|FOR IMMEDIATE RELEASE|
|Date:||April 19, 2004|
|Contact:||Andrea Keller, NPCA, 202-454-3332|
Celebrate National Parks Week
Washington, D.C. - In celebration of National Parks Week, April 18–April 25, 2004, the nonpartisan National Parks Conservation Association (NPCA) has distributed a list of five ways Americans can help preserve the nation’s 387 national park sites.
“By sending an e-mail to an elected official or sharing a vacation photograph and cherished memory, we can remind all Americans of the importance of preserving our national heritage,” said NPCA President Tom Kiernan.
· Walk softly. When visiting the national parks, collect memories and photographs, not seashells, flowers, artifacts, or stones. Be sure to plan ahead and dispose of waste properly. Respect wildlife and be considerate of other visitors.
· Park your car. Explore the parks on foot, by bicycle, or shuttle bus. You will see so much more and will help to keep the air in the national parks clean for your family and for the plants and wildlife that live there.
· Share your pictures. Share your vacation photos and memories in the National Park Scrapbook, created to inspire all Americans to appreciate and care for our national parks.
· Write a letter. Many people love the national parks, but most don’t know that our parks need greater funding and protection. Learn more about park needs and write a letter to the editor of your local newspaper or to your congressperson. If you express your concern for the parks, it might just compel your neighbors to get involved.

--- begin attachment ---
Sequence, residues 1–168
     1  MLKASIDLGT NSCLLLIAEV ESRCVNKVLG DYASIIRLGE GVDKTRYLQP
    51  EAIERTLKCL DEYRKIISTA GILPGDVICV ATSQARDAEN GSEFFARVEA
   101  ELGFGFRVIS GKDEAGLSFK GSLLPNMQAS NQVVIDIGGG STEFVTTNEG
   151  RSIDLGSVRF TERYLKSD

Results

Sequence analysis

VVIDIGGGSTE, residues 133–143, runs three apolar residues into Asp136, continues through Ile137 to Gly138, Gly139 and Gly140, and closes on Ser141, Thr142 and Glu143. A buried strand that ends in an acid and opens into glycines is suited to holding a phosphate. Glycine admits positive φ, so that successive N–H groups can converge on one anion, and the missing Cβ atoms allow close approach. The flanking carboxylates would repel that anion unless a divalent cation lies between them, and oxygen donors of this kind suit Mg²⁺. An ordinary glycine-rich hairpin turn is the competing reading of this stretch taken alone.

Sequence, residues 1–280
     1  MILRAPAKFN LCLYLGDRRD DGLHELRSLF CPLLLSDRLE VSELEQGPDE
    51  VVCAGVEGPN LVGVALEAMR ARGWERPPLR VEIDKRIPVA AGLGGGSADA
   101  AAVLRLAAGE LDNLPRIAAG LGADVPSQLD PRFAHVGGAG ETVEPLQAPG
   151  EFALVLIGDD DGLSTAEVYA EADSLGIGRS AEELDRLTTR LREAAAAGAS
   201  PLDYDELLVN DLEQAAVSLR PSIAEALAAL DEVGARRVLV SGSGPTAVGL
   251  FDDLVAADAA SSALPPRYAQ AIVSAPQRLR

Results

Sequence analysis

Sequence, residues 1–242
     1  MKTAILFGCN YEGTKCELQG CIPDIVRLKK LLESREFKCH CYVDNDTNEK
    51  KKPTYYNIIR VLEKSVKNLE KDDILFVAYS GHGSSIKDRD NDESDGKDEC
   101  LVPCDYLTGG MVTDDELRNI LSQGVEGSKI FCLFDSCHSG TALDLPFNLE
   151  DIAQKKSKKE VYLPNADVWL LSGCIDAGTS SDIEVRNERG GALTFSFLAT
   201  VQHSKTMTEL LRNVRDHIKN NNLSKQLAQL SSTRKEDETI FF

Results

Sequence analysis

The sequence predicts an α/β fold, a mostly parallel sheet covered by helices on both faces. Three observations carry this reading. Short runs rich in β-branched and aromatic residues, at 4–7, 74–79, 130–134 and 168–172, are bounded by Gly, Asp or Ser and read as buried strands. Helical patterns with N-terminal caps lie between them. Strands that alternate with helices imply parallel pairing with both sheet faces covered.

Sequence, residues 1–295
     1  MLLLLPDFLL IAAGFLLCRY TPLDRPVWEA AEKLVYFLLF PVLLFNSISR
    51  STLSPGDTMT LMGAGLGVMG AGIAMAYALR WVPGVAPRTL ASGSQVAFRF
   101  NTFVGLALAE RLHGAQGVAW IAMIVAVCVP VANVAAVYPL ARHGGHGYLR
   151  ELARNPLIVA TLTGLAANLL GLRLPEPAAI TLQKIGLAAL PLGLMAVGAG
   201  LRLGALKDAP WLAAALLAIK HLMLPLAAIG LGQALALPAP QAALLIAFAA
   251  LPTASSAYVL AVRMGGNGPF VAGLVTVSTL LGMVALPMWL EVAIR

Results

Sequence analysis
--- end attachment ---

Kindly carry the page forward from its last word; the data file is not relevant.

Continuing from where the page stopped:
· Volunteer. Locate and contact a national park site nearby that needs help. Petroglyph National Monument in Albuquerque, New Mexico, for example, needs volunteers to hike and photograph park trails with an eye out for acts of vandalism or erosion. Volunteers at Independence National Historical Park in Philadelphia, Pennsylvania, might help maintain the gardens outside of Edgar Allen Poe’s small brick house, where he wrote some of his most famous tales.
“Our parks need greater attention,” Kiernan added. NPCA’s new report, Endangered Rangers, chronicles the crippling impact of insufficient staffing on funding on national park science and research, law enforcement, and even the experiences of visitors this summer.